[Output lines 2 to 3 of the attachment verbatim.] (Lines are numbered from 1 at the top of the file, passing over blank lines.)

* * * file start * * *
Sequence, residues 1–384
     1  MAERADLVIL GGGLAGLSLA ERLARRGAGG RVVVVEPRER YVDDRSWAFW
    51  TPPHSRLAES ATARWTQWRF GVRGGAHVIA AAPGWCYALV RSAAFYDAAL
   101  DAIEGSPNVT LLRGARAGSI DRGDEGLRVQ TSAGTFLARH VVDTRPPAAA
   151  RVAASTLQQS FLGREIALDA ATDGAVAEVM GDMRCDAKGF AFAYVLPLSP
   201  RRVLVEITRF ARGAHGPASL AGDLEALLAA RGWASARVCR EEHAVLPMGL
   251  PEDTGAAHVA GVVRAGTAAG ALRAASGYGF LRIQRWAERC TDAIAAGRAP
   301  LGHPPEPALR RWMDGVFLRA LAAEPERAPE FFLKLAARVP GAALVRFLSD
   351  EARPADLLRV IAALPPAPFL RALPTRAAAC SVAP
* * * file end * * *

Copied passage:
     1  MAERADLVIL GGGLAGLSLA ERLARRGAGG RVVVVEPRER YVDDRSWAFW
    51  TPPHSRLAES ATARWTQWRF GVRGGAHVIA AAPGWCYALV RSAAFYDAAL